West Indian Gazette
250 Brixton Road was the home and headquarters of London’s first black newspaper ‘The West Indian Gazette and Afro-Asian News’
Launched in 1958, the monthly paper not only published news affecting the black community in the UK but also across the world. It also showcased black performers, artists and novelists and published short stories and poetry.
Jones developed the Gazette with Amy Ashwood Garvey, the first wife of Marcus Garvey.
The Gazette, in its prime had a circulation of over 15,000.
Claudia Jones was one of the first to give black people and other ethnic minorities a platform and a voice at a time when racial hatred was high and rising.
The newspaper ran for 7 years, dying not long after Jones herself did. However, the doors she opened for black media still remain.
The Real Mother of Carnival
The most well-known version or the more simplistic version of Notting Hill Carnival’s origin story is that Claudia Jones was the creator of the event that we have today. Though she did have a large part to play in its development, this is not the full picture.
Wherever there is oppression, rioting is often not far away. In the 50s and 60s, a ‘Keep Britain White’ campaign was sweeping the country. Black and other ethnic minorities were victims of appalling treatment. In 1958, Notting Hill was the impoverished home and centre of the black and Asian community. It was also the backdrop of the infamous Notting Hill riots.
As a response to these events, Claudia Jones wanted to create a sense of unity in the community with a carnival. Her first carnival-style event was held in St Pancras town hall in January 1959. It was a winter affair, held at that time of year to coincide with some of the Caribbean carnivals. She sold a souvenir brochure in which the proceeds were used to pay fines for “coloured and white youth” that were involved in the Notting Hill riots. Several of these indoor celebrations took place until she died.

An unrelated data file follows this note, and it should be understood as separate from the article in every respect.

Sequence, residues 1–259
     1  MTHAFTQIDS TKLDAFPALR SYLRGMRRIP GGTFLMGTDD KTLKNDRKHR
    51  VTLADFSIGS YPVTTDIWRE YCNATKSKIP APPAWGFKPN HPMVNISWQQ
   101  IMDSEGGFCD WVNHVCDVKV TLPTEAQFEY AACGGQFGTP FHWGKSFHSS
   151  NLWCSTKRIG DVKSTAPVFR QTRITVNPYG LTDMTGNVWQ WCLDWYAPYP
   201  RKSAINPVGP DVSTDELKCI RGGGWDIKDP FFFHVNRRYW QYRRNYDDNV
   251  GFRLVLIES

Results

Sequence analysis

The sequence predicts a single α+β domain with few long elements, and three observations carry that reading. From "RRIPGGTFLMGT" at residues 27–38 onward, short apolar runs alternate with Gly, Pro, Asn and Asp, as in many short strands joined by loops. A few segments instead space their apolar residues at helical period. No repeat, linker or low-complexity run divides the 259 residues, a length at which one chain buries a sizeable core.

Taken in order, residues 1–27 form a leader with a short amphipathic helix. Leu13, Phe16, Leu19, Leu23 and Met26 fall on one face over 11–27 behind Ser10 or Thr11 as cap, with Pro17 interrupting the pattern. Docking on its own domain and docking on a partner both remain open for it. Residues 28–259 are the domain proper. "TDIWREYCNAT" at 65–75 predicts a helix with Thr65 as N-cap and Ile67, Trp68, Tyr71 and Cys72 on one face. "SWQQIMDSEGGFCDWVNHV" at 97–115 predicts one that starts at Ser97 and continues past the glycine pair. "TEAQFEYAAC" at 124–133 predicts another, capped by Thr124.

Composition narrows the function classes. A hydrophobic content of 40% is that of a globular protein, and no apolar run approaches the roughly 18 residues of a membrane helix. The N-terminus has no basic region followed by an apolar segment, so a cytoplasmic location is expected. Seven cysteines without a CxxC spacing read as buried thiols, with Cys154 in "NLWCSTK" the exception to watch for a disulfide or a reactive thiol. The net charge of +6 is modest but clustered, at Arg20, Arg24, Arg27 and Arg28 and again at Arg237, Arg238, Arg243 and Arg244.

A few years after Jones death, Rhaune Laslett, the President of the London Free School (an adult education centre) had the vision of an outdoor festival that celebrated all the ethnic minority communities. She called it the Notting Hill Festivals and one of the first acts was a Caribbean musician with a steel band parading the streets of Notting Hill. Though the intention was multicultural, the Caribbean leanings of that first festival took hold and grew.
It could be said that Claudia Jones brought the first Carnival to London and that after her death, another attempt at a unifying carnival was made which was closer to our modern form.
The fact that she didn’t single handedly create Notting Hill Carnival does not discredit her. She accomplished more in each decade of her adult life than most achieve in a lifetime.
However, her life was cut short on Christmas Eve of 1964.
The West Indian Gazette ran for 7 years, an amazing feat for its time.
Today, the National Union of Journalists hosts a free event in her honour every year during Black History Month.
Notting Hill Carnival takes place over two days every year in London with over 1 million attendants, one of the biggest events of the year.
Today she is buried to the left of her hero Karl Marx in Highgate cemetery in North London.